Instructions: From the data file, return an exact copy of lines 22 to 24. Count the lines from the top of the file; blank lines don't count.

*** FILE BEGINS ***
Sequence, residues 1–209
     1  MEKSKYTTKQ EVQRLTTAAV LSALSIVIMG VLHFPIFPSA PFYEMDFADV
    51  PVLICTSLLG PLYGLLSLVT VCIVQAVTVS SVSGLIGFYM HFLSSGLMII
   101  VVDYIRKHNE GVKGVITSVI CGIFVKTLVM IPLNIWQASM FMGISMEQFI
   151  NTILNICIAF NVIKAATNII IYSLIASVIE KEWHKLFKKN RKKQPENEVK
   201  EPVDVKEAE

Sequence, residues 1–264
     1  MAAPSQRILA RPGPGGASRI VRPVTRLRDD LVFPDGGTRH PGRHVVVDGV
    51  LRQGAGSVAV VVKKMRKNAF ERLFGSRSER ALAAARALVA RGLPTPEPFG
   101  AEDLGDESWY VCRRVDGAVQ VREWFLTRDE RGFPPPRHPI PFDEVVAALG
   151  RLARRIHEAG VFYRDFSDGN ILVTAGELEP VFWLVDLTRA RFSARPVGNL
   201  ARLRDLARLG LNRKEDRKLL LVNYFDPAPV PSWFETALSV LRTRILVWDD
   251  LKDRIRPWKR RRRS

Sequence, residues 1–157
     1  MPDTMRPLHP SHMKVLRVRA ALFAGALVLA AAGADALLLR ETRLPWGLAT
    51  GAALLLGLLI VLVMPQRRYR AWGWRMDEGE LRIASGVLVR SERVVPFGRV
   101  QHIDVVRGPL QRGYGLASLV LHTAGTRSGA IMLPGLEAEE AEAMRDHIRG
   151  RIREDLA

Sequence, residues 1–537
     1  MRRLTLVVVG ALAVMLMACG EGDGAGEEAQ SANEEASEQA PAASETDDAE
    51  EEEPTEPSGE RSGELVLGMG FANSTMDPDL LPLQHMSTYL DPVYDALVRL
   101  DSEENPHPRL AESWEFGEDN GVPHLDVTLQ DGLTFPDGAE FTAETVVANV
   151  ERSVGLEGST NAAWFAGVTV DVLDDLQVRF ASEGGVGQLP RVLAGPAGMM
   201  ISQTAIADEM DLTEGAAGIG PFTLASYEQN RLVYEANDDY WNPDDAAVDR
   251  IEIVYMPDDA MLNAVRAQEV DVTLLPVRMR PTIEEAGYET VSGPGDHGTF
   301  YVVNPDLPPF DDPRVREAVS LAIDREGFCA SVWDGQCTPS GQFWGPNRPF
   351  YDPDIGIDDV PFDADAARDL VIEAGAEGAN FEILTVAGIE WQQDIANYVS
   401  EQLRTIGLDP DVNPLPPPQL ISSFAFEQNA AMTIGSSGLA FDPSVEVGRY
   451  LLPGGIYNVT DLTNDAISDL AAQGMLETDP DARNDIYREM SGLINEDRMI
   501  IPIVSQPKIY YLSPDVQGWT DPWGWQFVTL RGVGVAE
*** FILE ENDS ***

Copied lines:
   101  DSEENPHPRL AESWEFGEDN GVPHLDVTLQ DGLTFPDGAE FTAETVVANV
   151  ERSVGLEGST NAAWFAGVTV DVLDDLQVRF ASEGGVGQLP RVLAGPAGMM
   201  ISQTAIADEM DLTEGAAGIG PFTLASYEQN RLVYEANDDY WNPDDAAVDR